Little Known Tourist Sights of the United Kingdom, Posted from the UK

Posts Tagged ‘house sitter’

Qualities of a Good House Sitter

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In previous posts, we’ve covered what house sitting is and some of the benefits of becoming a housesitter.  We’re now going to look at a some of the qualities that make for a good house sitter.

Responsible

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As a house sitter, the care of the garden, pets and any other jobs agreed upon by you and the homeowners during their absence will rest on your shoulders.  The owners want someone who is capable of dealing with routine issues like a sink backing up, as well as major problems such as the heating system breaking down.

They also want someone who understands that their pets are members of the family.  It’s not enough to feed and water them.  You’ll need to exercise them and give them extra hugs and cuddles to help ease the stress of missing their family.  If the pet becomes ill, it’s you who’ll need to take him to the veterinarian and provide any after care.

Very few homeowners are likely to just ‘leave you to it’.  Review with the owners any contact details they provide to ensure they are accurate.  Make sure you understand when the owners wish to be contacted. Some may want daily phone calls or emails; even if all you have to say is, ‘Everything’s fine.  Enjoy yourselves’.  Others may only wish to be contacted if there is a dire problem that desperately requires their attention.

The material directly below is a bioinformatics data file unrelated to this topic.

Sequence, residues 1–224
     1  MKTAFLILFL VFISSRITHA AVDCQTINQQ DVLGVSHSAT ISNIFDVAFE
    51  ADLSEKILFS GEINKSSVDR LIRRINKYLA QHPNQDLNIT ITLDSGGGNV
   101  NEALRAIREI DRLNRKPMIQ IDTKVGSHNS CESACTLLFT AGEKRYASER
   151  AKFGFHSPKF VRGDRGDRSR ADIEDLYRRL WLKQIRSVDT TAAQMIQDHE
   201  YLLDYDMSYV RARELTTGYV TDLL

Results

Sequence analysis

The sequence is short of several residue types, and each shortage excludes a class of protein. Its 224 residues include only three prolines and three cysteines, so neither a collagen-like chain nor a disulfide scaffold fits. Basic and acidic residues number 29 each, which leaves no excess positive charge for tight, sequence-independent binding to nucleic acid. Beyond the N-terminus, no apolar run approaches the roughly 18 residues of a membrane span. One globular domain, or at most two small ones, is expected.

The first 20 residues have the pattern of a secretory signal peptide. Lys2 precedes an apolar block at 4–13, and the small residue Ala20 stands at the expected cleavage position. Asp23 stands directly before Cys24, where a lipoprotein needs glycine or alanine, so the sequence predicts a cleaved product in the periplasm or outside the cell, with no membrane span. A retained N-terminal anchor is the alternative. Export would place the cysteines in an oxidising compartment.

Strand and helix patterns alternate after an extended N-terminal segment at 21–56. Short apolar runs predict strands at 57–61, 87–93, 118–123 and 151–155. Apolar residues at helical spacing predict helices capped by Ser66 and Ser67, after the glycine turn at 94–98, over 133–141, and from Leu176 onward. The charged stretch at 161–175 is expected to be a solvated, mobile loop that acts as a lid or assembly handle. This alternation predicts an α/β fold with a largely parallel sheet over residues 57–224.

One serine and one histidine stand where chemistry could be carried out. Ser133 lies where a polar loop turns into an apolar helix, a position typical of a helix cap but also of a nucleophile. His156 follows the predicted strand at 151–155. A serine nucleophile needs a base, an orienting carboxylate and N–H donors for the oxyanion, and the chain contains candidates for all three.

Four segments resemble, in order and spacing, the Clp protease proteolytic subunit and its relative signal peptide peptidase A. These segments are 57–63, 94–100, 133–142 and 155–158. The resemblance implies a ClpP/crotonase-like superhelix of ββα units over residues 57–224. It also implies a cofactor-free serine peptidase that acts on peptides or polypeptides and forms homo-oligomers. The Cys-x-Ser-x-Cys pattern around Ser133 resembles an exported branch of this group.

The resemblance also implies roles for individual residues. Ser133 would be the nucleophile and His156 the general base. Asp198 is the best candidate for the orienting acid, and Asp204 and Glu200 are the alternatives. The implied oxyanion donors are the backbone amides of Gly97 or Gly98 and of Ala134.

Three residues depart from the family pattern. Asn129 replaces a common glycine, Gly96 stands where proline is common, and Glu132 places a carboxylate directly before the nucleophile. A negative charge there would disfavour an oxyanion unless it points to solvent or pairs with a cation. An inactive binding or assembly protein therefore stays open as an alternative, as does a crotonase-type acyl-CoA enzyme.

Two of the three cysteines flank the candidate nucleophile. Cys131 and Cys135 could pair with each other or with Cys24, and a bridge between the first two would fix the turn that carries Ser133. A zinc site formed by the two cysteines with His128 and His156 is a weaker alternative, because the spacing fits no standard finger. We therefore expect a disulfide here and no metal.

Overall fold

Commitment

When you agree to house sit for someone, it is not unreasonable for the homeowners to expect you to see the job through.  Their main reason for engaging a house sitter is because they want someone who will oversee the property and give their home the ‘lived in’ look that makes burglars give their house a miss. And they want that house sitter for the entire time they are away.  If you’ve agreed to a six-month house sit, you shouldn’t bail out half-way through because you got a better offer elsewhere or you just don’t want to do it any more. This kind of cavalier attitude will seriously cut down on your chances of getting another assignment.

If you must leave the job due to circumstances beyond your control, you should make arrangements for someone else to takeover and let the homeowners know of the change.  It really is the least you can do.

Respect